NEWNAN HERALD & ADVERTISER
VOL. X L V.
NEWNAN, GA., FRIDAY, NOVEMBER 19, 1909.
Wednesday, Nov. 2% Will ke "C/over Bay 99
Be on hand promptly, as most of the goods offered are only in small
lots--not much of any one kind, but the prices mean a considerable saving.
We particularly direct your attention to some Dress Goods which are of
fered in this sale for the fir^t time.
Dress Goods Cotton Reps Silks
At 79c. a lot of our very hand
somest Dress Goods of superior style
and quality and in excellent colors—
goods worth $1.25 and over. Some of
them are 56 inches wide.
Other Dress Goods at 29c., 39c.,
49c., 59c.—worth double.
The 40c. kind for 25c.; the 25c.
kind 19c., in this sale.
Still a few left of those Hair-bow
Ribbons at 21c. They are worth 35c.
A few Silks still left at 25c., most
ly remnants; remarkably cheap if
you can use them.
A special lot of plain white un
laundered Handkerchiefs for women
with hand-embroidered initials, 5c.
each. Regularly worth 10c.
Not enough left to last all day of
these Longcloths at one dollar a bolt;
so you had best call early for these.
They are worth $1.50 a.bolt.
IN THE ANNEX
Special values in Cloaks, Suits, Skirts, and other ready-made garments. We always have special values to offer on “Clover Day” which are not advertised.
P. F. CUTTim & e&MPAISIV
Your attention to our immense stock of Dry Goods,
bought long before the price of cotton advanced.
A great many goods can be bought from us lower
than we can buy them in market to-day. Come
and inspect our stocks; we are always glad to show
the goods, and know you will find both the “articles
and the prices right. Our store is literally over
flowing with goods, consisting of—
r What, sweeter example of devotion can be rujj:-
gesteil than the old black slave’s for his master?
In what better way could he prove hia love than
did he dining the Civil War?]
Well I recollec’s, ol’ marster,
’Boutdem days oh long ago—
How ua lived de lives oh Rlab’ry,
How us labored for yo’ so;
How yo’ whipped us when we’s lazy—
When our work us failed to do,
But us loved yo’, dear ol’ marster—
Loved an' always trusted yo’.
Den de War, hit come upon ua,
Fer to take us ’way from yo’;
But us couldn’t stan’ de partin’.
So us commence’ fightin’ too;
Some ob us would guard de women
While de odders hope yo’ fight;
Us all trusted in yo’, marster,
'Cause us know'd dal yo' wuz right.
An' den when de War wuz ober.
An’ yo’ come b»ck home again;
Yo’ wuz aad an’ mos’ heartbroken—
Thought yo'r fightin’ wuz in vain.
But, although yo’ wuz defeated.
An’ de noble cause wuz lout,
Yit— (Breaks down and sobs.)
Yes, I recollec’s, ol' marater.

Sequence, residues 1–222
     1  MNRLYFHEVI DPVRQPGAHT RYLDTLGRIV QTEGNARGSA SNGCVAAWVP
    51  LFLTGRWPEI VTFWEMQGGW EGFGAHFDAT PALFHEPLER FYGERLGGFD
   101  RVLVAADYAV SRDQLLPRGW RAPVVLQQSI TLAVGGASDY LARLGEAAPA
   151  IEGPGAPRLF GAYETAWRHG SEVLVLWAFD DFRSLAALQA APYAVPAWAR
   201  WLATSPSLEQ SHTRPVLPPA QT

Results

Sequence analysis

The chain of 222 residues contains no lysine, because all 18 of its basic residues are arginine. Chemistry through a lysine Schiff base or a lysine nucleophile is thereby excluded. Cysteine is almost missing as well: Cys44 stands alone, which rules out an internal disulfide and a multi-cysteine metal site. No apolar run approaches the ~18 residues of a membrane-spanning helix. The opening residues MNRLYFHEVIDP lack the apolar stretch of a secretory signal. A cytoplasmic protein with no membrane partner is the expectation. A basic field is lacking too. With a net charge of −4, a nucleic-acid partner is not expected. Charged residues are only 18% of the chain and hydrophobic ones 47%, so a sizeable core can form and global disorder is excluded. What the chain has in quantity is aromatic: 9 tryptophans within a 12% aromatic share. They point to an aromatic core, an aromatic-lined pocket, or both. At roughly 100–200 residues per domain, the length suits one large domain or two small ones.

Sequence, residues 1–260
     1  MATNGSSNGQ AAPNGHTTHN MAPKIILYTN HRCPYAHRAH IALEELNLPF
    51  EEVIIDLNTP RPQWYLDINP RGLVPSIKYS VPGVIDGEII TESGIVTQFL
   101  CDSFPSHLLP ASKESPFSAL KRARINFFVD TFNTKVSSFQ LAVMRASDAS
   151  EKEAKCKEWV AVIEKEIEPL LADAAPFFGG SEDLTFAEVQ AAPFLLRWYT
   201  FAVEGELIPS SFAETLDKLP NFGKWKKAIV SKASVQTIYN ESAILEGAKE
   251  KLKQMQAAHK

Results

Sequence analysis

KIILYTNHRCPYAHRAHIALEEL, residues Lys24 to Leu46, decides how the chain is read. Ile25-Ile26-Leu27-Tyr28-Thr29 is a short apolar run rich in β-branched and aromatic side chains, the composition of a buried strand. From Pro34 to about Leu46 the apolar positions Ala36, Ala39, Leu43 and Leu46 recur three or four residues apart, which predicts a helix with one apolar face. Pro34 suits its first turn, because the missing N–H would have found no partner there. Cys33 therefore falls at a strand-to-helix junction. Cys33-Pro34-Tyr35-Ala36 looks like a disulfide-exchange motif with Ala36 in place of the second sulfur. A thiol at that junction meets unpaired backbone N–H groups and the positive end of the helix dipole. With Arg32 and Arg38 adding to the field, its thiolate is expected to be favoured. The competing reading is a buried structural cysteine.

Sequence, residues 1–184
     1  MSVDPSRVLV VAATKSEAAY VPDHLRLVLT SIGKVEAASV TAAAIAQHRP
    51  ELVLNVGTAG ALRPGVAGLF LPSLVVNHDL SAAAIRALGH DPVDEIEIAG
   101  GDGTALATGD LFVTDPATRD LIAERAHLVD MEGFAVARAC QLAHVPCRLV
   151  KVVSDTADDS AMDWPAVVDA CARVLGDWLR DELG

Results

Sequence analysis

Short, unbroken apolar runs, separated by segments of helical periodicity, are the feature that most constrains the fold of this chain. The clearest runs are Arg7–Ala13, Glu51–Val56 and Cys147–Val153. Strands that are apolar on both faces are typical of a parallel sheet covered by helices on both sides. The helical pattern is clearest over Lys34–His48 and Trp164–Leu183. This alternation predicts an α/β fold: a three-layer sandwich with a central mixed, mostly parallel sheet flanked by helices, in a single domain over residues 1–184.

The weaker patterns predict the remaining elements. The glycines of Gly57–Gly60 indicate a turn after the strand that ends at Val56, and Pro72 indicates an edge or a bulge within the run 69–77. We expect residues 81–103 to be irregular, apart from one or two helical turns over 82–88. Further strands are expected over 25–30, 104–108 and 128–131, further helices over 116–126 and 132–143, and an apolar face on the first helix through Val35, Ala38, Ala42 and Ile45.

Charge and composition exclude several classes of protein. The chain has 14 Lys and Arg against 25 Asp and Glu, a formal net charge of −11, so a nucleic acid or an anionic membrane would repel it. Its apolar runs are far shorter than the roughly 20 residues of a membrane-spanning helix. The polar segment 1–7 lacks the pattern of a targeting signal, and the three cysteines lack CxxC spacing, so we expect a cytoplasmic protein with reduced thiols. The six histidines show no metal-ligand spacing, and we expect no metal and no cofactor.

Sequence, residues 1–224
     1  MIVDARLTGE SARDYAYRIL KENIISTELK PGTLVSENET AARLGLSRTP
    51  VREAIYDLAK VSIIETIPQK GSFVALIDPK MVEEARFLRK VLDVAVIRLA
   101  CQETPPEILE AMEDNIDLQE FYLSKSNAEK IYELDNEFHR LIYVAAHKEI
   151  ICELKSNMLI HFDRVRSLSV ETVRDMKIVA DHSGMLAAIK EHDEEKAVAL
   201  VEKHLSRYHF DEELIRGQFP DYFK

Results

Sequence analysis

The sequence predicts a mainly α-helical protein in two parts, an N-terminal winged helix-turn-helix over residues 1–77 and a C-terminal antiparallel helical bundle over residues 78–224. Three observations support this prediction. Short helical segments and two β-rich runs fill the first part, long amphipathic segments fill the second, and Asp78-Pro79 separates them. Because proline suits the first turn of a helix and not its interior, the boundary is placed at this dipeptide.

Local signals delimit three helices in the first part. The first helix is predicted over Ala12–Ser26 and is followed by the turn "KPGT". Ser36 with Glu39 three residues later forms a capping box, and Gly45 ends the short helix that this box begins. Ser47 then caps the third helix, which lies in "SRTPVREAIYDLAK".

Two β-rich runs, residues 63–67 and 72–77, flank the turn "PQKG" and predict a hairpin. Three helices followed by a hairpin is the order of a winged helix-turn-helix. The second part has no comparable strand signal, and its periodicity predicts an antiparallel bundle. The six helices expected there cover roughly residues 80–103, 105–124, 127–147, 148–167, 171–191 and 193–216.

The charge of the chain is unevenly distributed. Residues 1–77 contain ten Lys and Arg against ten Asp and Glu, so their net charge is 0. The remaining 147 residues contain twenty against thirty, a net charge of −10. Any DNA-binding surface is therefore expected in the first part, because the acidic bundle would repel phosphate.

All about dem days gono by;
An’ to think dey all am ober—
Lord, hit simply make me cry.
Yo’ wuz good to uh, ol’ marster.
An’ us could not help but lovo;
An’ de grave, hit will not part us.
Fer we’ll meet agaia above.
O. dem days am ober, marster.
An’ us both am weak an’ ol’;
Ub will soon go to dat City
Where de streets am paved wid gol’.
An’ I'll love yo’ den, ol' marster.
An' you’ll love me too, I know;
An' up dare us will be comrades,
Jes’ de same as hero below.
—| Charles Lee Raemois.
Newnan, Ga., Nov. 16, 1909.
Our Grocery Room
Is filled with everything in the Grocery line. The
goods were bought right, and our increasing trade
shows that we have the right prices. ’Phone 342
when in need of Groceries.
H. C. ARNALL MDSE. CO.
Boys Who Are Needgd.
The Circle Magazine.
“[ don’t know what we should do in
this world without boys,” said one of
the members of a large business house.
“There seems to bo certain functions
which only a boy can properly perform,
and if a boy—the right kind of a boy, I
mean, of course—is not forthcoming,
one feels at a loss how to get these
things done at all. We have half a doz
en first-rate boys connected with our
establishment, and I don’t know how
we could run the business smoothly and
successfully without them.”
The qualities which make a boy so
indispensable to ali departments of our
modern life are not hard to distinguish
or define. They are evident on the
front of all the boy’s activity—his
frankness and honesty, his versatility,
his vitality and endurance, his teacha
bleness, his obligingness, his good spir
its, his readiness and enthusiasm for
subordinate services. Because of these
characteristic qualities the right kind
of a boy is a treasure to any employer.
His cleverness and enthusiasm alone
are a perpetual source of refreshment
and help to a busy man.
The boy who is needed is the boy
whose native moral quality has not
been impaired by wrong thinking and
wrong doing. He ha3 honesty, obedi
ence and loyalty in the glance of his
eye and the inward feeling of his heart.
There is something distinctly winning
about his face and personality. He
may be “green,” inexperienced, awk
ward at first, perhaps, but he is the
kind of a boy who is needed ;in the
most earnest and important affairs
because his heart and will are pure and
Details and methods are something
which he can learn—that every em
ployer knows. He has no false pride.
He will take hold of his simple and
subordinate duties with an enthusiasm
which seems to quicken the whole bus
iness with its overflow. The proudest
and most devoted employee of a great
business concern is very likely to be
the boy who takes care of the office and
does the errand-running. He is glad
of a chance to serve, and, in due time,
Such is the boy who is needed every
where in this busy and exacting world
—not less in the educational and social
world than in industrial and commer
cial life. His life will be as sincere